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As for individual members, there are too many, contributing in too many ways, to mention them all. But there are a few I would like to single out, not simply for their own work, but for their dedication to raising the bar of quality of Beyond Skyrim as a whole. In the field of 3D art, I should draw attention to Markus Liberty, who has constantly set new standards for himself in making architectural models, and inspired others to produce assets to match this quality.

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Among landscapers, we are greatly indebted to Wellpapp, not only for his phenomenal output but also for his generosity in sharing his hard-won expertise with multiple projects.

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And on the soundtrack front, mention must be made of Xae and Guin, our two Lead Composers, who have forever raised our expectations for the original soundtracks that will accompany our project. Check out a sample below…

With The Elder Scrolls Online having a more sweeping look at all of Tamriel, have you been taking any inspiration from the game for the modding project?

ESO has of course been a big inspiration to our project, since it filled in a lot of gaps which had previously existed in the lore. However, much of this has taken the form of backstory and helping inform the history of the regions we are making. After all, there is a gap of more than a millennium between the events of ESO and Skyrim, and cultures rarely stay static for long. There’s also the fact that ESO uses a different map scale to Skyrim, so we’ve had to be selective about what we can include. Many of our locations will take a look at the after-effects of the stories within ESO rather than directly reproducing them as they appeared in ESO.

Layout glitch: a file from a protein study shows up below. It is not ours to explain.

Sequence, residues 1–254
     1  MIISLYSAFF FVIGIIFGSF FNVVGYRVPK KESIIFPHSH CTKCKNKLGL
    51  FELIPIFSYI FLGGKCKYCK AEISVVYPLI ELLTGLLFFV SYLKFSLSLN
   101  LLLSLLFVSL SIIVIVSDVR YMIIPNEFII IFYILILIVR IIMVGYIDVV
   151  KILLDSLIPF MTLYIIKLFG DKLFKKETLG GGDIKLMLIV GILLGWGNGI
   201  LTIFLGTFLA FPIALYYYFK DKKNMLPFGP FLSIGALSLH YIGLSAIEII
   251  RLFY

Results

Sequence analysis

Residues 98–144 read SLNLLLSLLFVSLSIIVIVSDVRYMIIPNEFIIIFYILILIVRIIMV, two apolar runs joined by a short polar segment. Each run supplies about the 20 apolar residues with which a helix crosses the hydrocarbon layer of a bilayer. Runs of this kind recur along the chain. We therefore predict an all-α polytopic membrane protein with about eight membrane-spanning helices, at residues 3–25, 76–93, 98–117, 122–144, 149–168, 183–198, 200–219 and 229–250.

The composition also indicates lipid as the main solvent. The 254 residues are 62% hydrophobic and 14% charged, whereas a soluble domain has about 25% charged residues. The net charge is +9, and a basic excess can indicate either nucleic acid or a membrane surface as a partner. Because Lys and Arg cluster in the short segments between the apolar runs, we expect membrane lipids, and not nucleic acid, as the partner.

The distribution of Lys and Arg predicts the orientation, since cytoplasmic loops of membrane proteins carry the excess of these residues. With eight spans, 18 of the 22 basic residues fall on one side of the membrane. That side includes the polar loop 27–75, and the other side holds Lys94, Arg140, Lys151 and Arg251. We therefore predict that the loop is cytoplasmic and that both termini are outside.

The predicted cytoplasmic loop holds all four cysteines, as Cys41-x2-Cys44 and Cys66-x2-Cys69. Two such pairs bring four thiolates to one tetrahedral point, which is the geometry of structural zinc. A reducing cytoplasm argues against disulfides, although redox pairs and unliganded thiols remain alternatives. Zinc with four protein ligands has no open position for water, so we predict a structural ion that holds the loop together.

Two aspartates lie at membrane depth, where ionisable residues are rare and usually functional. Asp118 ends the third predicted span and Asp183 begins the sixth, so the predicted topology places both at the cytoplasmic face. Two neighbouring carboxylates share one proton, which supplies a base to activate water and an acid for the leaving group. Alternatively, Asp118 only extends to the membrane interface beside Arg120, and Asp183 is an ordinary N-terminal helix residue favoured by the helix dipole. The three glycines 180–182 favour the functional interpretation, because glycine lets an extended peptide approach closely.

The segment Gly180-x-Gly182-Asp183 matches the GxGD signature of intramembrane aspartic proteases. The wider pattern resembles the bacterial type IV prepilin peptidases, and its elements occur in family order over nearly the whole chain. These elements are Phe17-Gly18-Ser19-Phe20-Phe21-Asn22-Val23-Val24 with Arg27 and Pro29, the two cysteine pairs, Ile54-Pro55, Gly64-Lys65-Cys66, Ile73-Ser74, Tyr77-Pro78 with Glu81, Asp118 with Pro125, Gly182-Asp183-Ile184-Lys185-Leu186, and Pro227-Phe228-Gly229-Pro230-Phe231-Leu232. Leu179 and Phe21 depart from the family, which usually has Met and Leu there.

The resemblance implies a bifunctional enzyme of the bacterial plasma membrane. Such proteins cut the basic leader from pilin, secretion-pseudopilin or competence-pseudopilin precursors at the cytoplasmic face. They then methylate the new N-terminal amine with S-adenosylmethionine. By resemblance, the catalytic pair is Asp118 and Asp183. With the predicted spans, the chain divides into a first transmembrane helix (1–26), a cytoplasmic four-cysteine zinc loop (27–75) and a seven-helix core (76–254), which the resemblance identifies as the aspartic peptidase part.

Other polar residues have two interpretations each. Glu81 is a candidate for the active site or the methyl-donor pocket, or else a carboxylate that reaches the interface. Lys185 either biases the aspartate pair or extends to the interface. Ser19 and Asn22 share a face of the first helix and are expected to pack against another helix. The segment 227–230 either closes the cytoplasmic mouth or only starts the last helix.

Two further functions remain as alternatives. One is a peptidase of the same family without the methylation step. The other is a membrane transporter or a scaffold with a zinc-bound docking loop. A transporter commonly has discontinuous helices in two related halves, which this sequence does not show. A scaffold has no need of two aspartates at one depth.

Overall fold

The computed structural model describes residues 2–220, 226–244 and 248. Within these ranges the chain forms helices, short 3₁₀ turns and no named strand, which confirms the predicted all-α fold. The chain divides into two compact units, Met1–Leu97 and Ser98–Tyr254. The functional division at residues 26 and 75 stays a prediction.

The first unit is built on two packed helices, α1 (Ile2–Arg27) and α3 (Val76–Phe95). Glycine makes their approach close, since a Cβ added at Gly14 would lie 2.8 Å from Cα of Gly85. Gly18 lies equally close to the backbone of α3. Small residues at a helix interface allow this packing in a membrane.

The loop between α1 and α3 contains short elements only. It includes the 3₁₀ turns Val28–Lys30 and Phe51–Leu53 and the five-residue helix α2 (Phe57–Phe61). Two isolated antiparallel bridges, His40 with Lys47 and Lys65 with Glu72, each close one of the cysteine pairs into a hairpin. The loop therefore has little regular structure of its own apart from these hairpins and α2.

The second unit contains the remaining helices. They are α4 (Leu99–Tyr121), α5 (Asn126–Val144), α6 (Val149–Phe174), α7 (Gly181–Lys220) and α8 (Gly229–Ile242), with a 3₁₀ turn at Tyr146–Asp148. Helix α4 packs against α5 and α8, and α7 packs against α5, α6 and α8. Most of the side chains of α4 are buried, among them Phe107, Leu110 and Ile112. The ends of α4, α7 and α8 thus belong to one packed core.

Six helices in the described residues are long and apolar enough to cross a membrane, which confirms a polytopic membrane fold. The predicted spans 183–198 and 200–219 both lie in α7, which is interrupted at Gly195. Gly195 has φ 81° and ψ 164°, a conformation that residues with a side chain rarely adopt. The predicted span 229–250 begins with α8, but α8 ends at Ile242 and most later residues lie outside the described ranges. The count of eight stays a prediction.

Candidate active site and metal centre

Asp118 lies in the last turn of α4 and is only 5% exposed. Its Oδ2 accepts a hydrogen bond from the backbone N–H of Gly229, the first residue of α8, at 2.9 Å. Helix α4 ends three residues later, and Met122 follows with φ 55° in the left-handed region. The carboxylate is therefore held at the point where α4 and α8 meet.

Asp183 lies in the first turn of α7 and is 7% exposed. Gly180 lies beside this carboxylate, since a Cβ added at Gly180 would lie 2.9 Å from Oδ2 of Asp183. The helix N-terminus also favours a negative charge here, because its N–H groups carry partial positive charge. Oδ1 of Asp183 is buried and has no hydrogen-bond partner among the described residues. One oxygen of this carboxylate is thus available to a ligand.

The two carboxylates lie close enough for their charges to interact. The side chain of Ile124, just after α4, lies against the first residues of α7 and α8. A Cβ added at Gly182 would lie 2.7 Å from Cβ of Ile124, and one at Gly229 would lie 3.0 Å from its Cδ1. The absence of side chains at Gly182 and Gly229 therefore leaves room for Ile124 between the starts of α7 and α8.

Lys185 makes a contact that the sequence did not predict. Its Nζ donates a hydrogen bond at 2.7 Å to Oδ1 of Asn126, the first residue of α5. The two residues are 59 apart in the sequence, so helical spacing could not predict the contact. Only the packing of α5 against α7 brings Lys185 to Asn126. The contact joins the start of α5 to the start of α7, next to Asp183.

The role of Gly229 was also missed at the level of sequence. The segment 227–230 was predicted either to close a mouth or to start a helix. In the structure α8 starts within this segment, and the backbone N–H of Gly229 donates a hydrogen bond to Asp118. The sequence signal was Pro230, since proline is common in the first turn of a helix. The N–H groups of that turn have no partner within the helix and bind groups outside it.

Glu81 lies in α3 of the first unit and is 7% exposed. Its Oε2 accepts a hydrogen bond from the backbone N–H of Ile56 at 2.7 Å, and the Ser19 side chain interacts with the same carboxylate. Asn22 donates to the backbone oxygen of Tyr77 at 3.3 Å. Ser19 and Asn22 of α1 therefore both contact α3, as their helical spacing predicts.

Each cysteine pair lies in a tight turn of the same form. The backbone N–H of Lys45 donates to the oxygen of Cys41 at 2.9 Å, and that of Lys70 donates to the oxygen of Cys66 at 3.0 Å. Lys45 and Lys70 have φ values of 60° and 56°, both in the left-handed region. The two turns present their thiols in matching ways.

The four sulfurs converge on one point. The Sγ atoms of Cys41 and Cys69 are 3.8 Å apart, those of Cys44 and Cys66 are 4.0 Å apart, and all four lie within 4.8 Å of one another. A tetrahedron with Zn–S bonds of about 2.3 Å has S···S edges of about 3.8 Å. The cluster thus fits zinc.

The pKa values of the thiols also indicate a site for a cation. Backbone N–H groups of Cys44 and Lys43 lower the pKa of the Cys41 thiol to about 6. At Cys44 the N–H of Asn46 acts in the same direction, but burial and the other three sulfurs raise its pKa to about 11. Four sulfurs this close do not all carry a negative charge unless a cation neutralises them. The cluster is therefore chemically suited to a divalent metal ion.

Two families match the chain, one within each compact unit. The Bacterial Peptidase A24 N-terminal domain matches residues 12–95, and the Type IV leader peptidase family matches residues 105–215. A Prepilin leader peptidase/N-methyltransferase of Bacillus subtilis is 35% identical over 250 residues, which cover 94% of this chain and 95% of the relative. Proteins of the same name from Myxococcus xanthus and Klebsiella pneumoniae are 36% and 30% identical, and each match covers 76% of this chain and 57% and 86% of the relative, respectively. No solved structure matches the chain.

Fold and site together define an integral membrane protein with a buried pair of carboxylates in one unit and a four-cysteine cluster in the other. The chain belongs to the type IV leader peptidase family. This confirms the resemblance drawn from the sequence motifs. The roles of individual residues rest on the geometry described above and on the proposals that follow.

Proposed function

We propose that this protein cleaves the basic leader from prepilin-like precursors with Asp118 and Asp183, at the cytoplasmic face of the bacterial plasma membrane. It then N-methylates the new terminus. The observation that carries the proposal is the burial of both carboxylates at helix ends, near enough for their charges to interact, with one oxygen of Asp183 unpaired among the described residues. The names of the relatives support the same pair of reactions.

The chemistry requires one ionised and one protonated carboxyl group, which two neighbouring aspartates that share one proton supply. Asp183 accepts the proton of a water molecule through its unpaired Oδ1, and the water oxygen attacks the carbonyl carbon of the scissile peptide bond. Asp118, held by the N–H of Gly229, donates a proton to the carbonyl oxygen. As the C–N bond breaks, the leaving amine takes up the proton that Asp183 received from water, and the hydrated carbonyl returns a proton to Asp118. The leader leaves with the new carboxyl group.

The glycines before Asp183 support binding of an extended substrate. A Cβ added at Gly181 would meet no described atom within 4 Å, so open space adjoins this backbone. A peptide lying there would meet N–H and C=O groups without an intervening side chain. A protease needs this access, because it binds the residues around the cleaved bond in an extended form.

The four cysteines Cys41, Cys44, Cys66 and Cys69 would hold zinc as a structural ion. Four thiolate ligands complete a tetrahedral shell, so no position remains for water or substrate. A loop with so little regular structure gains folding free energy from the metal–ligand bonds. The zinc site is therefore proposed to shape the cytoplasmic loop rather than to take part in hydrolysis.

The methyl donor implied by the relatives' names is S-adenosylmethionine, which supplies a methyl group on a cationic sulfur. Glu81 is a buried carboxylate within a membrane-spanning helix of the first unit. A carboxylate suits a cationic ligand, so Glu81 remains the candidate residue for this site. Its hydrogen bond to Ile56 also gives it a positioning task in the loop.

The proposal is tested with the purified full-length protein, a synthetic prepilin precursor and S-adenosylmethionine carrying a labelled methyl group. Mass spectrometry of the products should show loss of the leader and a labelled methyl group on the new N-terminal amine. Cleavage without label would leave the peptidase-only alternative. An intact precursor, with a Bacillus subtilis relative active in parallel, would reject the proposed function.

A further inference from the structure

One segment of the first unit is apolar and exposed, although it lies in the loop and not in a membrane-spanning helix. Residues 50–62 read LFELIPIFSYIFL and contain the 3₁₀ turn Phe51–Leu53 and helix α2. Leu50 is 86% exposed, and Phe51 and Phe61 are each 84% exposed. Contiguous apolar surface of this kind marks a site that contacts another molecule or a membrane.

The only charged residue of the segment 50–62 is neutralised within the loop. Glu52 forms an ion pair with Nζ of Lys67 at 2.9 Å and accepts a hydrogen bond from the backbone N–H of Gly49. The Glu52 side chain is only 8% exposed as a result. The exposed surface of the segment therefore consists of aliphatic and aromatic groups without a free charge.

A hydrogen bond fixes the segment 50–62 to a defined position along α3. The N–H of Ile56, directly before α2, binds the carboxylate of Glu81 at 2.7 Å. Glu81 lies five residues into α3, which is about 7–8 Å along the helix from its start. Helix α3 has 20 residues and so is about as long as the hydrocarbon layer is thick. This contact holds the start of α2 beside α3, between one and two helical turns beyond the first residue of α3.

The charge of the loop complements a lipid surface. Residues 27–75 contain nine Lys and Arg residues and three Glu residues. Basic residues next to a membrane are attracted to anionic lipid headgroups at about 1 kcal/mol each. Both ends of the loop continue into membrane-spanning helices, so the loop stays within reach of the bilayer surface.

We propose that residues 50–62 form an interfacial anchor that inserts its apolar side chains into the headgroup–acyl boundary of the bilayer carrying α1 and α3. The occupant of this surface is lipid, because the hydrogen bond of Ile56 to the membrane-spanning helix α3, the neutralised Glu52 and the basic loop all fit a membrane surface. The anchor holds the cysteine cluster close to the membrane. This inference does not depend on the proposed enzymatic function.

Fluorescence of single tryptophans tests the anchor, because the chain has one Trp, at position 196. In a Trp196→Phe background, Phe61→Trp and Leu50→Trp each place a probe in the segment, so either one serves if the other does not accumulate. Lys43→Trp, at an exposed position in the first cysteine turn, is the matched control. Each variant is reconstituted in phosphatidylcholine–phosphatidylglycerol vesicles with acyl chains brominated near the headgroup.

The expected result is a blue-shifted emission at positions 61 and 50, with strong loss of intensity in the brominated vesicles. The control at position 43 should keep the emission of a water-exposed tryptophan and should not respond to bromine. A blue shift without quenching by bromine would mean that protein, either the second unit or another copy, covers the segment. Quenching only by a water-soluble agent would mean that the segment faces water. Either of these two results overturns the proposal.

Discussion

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We’ve been having a lot of fun imagining ways in which the stories and characters of ESO have faded into legend with the passage of time. How biased local historians have converted the complex 2nd Era politics into fables about good and evil. Or how quests performed in ESO have cast long shadows over the intervening years that the player never intended. Skyrim players won’t need to have played ESO (or Oblivion or Daggerfall for that matter) to understand the events of Beyond Skyrim, but there will be plenty of nods and references which veterans of those games will recognize.

What other modding projects have you worked on?

I first caught the Elder Scrolls modding bug when contributing as a writer to Tamriel Rebuilt in 2008. After that, I became involved in the still-ongoing Black Marsh project for Elder Scrolls 4, where I soon found that my main talents lay more in administration. Since the Dark Creations website was founded in 2011 I’ve been involved in the running of the site and helping a great variety of Skyrim modding projects organize their hosting and forums.

What’s been your biggest challenge to date with the project?

Beyond Skyrim’s biggest challenge was, hands down, the creation of our Tamriel topographical map. This has formed the basis for the height maps on which all of our projects are built. Nothing else would have been possible without it, and it’s the hardest thing we’ve ever had to do. Although there were plenty of sources to draw on, even before the release of ESO, such as the in-game maps from Elder Scrolls II-IV — these were produced to fit wildly different scales and graphics. And of course, we wanted the end product to look as realistic as possible, which meant all the LOD at the borders joining up seamlessly.

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Integrating all that information from different sources, and trying to deduce what all the rest of Tamriel would “really” look like at Skyrim’s scale, was both a technical and artistic mountain to climb.  It meant figuring out ways to circumvent the hardcoded limits to the distances the game engine could render, and spending hours poring over the most obscure of Elder Scrolls lore references for clues about the landscape.  On both of these fronts, we’re deeply indebted to a man known to us only by his username of Morcroft Darkes, who was responsible for many of the technical breakthroughs (as well as the hard slog) that made the final map possible.